THEME THURSDAY: SURFACE
I’ve always had this very strange fascination with old gnarled tree roots, the kind of roots that have burst forth to the surface of the soil like Merlin’s languid fingers. They tickle the earth and in time become covered with a coat of deep green lichen. They embark outward on a journey of discovery, for something more- something once feared to be buried and lost. They seem forgotten in years of dormancy but waiting for the opportunity to spring forth once more to reveal that life is still contained there.
When I was a very young art student, I had this enigmatic professor who took my studio class out on drawing days to forgotten cemeteries in search of the most interesting trees with these wayward surface roots, so large that one could carve a bench from them and certainly called to mind roots from Tolkien’s Fangorn forest. I sat, mesmerized, before stately oaks and maples, ancient, weathered, hypnotic and seductive. I longed to know their history, to be close to them, and to glimpse into a mirror of the past to see all that transpired before them. I still do.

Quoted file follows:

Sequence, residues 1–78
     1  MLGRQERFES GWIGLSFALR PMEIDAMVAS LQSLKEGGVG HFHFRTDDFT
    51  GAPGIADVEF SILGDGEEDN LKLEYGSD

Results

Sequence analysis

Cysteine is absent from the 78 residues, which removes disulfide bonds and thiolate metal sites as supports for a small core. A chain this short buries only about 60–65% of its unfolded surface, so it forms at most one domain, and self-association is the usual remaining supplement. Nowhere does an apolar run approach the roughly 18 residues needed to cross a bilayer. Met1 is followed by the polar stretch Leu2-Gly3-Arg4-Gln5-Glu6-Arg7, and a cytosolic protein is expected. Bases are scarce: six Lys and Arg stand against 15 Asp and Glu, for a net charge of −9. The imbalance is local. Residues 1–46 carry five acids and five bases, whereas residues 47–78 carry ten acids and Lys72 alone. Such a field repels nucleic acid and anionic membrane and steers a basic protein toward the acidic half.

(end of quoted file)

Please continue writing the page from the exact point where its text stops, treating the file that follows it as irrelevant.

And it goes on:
Why do roots that normally stay underground, cloaked in darkness, emerge from the soil? Science explains that roots often grow more shallowly beneath the soil than many of us ever imagined; it depends largely on the type of tree. The surface soil might erode and make way for the roots to expand and erupt, in very much the same way that a tree trunk expands with age. The older more mature roots of trees will increase and grow larger, waiting until the time is right to rise to the surface, spread, and extend outward. To me this is a strange sort of freedom from the depths of the earth. Is this a final chance for these great wonders to reveal that there is more there than meets the eye? I believe that they could be making a plea to the natural world and to all that stumble upon them, that they might truly be seen.